The Santa Cruz Tallboy likes to party, and it will not be denied. Riding the Tallboy is a hootin' and hollerin' good time. This is another short-travel 29er that has the ability to alter the opinion of the 29er naysayers whose criticisms get quieter every month. Fine-tuned geometry encourages playfulness on the trail in the form of boosts and manuals. While the Tallboy does not possess the pure playful manners and supreme cornering abilities of the Ripley, its an incredibly capable descender. This bike can and will comfortably tackle more aggressive trails that may seem to be above its short-travel pay grade. A bonus for those of us who don't live for the climb, the Tallboy climbs comfortably and painlessly. Less pain = more fun.
The Commencal Meta TR 4.2 is an extremely fun mid-travel bike with a nice balance of capability and a ninja-like feel. Steering is direct and the 27.5-inch wheels allow this bike change directions in a hurry. The semi-aggressive geometry makes this bike feel like a mini-enduro bike while retaining very sharp handling. Navigating rock gardens is a blast as this bike encourages riders to use the maneuverability and quickness to hop in and out of lines. When the going gets rough, this 130mm bike can stand up and feels confident. Rougher black-diamond grade terrain is far more pleasant aboard this stealthy shredder compared to the shorter-travel Ibis Ripley or Santa Cruz Tallboy.
The Canyon Spectral is an impressively versatile bike given its 140mm of travel. Here at OutdoorGearLab, we find versatility to be very fun. The Spectral has a big-bike look but its climbing abilities remain very respectable. This rig is an efficient climber with a calm pedal platform. Once at the top of the hill, downhill performance is incredibly fun and user-friendly. While the Spectral is not fun on double black diamond terrain, it is a blast up to that point. This Canyon is significantly more capable than the Commencal Meta TR, Ibis Ripley, and Santa Cruz Tallboy. That said, it sacrifices much of the fun-loving, zippy, handling of the shorter-travel bikes.
Some of the harder charging options are very fun in their own way. The Santa Cruz Hightower LT and Yeti SB5.5 are both very fun options for those who value aggressive downhill performance. No, they do not climb as well or handle as crisply at slower speeds. That said, when being pushed hard down rough terrain, they are tremendously fun bikes. The Santa Cruz Hightower (non-LT) takes a very well-rounded approach that blends trail bike efficiency with an impressively aggressive attitude for a 135mm bike. The Specialized Fuse is a versatile hardtail with fun trail manners. The most fun part of this bike is not having to deal with full-suspension levels of maintenance.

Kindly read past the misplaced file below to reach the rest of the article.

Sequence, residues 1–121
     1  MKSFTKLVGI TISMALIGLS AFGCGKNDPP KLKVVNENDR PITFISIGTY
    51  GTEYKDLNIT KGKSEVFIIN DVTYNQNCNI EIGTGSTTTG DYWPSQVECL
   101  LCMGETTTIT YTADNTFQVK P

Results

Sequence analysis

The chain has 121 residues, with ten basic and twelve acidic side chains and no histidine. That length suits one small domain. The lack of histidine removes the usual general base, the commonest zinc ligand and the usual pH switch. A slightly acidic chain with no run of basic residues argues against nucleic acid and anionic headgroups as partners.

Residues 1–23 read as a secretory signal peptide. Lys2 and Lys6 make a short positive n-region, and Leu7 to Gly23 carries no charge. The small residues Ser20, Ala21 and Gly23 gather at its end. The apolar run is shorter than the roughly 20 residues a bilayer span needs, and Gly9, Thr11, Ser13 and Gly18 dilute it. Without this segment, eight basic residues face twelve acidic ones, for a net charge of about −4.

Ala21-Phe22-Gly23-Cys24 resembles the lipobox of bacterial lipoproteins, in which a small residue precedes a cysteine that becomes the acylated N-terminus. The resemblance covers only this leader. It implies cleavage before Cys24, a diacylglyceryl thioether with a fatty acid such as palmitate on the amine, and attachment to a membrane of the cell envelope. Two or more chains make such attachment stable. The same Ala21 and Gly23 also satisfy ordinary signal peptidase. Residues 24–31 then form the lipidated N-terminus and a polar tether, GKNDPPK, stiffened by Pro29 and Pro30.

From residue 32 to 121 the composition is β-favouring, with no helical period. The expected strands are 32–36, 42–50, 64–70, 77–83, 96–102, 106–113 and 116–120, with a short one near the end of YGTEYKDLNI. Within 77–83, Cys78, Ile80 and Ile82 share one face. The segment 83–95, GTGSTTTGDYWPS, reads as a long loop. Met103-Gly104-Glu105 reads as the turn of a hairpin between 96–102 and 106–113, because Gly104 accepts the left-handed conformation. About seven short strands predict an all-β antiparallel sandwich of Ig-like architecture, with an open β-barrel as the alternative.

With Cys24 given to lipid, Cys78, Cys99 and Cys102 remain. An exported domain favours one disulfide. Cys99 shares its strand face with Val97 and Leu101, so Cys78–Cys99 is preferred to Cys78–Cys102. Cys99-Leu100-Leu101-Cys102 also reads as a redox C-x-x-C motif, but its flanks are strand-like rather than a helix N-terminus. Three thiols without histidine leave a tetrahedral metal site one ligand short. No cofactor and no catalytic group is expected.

Shredding downhill is undoubtedly the lynchpin of a fun mountain bike experience. While all of the bikes in this review are categorized as trail bikes, some are more fun descenders than others. Downhill performance is worth 30% of the final score.
The Santa Cruz Hightower LT is a long-legged 29er that likes to get rad. The LT stands for long travel as this bike is the beefed up version of the original Hightower. This rig shares many ride characteristics with the Yeti 5.5. Where the Yeti performs extremely well on small/midsize hits, the Hightower LT handles bigger impacts with more confidence. Santa Cruz built this bike with more conservative geometry compared to a pure enduro race bike. As a result, it requires a little more finesse on double black diamond terrain. Hammering the pedals out of corners is extremely effective thanks to a dialed suspension platform. The LT handles better at slow speeds compared to the Yeti 5.5.
The Yeti SB5.5 hits far harder than the 140mm rear wheel travel suggests. A 160mm Fox 36 fork paired with a 29x2.5-inch Maxxis Minion DHF make for an extremely mean and burly front end. This bike makes its money when carrying a head of steam and mowing down small to mid-size rock gardens. Steering through high-speed rock gardens is incredibly confident. The rear suspension is impressively calm over smaller braking bumps and rocks but stiffens up towards the end of the stroke. Bigger hits are jarring on the SB5.5 compared to the more capable Santa Cruz Hightower LT. Handling improves when the speedometer rises. No, this bike isn't particularly playful or nimble, but it shreds enduro-grade terrain very well. While this bike slots into the trail category, it certainly edges towards an enduro bike.
The Rocky Mountain Altitude is a balanced descender that is confident on a wide range of terrain. 27.5-inch wheels and balanced geometry allow this bike to react well at any speed. This user-friendly bike doesn't need to be driven hard to activate its talents like the Hightower LT or Yeti SB5.5. High-speed trials with fewer ultra-steep rock gardens are a blast. This bike can get into trouble on harder black-diamond or double black diamond terrain.
The Santa Cruz Hightower is an extremely capable descender amongst mid-travel trail mountain bikes. It places riders in a confident position to work down a steep section of trail and provides excellent stability at speed. It is more difficult to find the Hightower's speed limit compared to the Commencal Meta TR or Specialized Stumpjumper. The suspension keeps the rear end calm and feels excellent on bigger impacts. Our downhill test track featured a couple relatively harsh G-Outs and drops, the Hightower ate it up. There is no-question this bike rides more aggressively than 135mm of travel suggests. Testers are confident taking this bike down the steepest and burliest local trail that often demands an enduro bike.
The Santa Cruz Bronson slides nicely into that not-quite-enduro and not-quite-trail category. This 27.5-inch bike possesses similar downhill manners to the Rocky Mountain Altitude but requires a more aggressive rider to tap into its full potential. The Bronson is also a bit harder to rattle on black-diamond terrain. The Commencal Meta TR is a zippy and quick handling performer on the descent. While this 130mm bike isn't as comfortable straight lining rock gardens, it still feels pretty aggressive and stable. Commencal built the TR with near enduro geometry on a mid-travel platform. The result is a high level of stability at speed while retaining a nimble feel.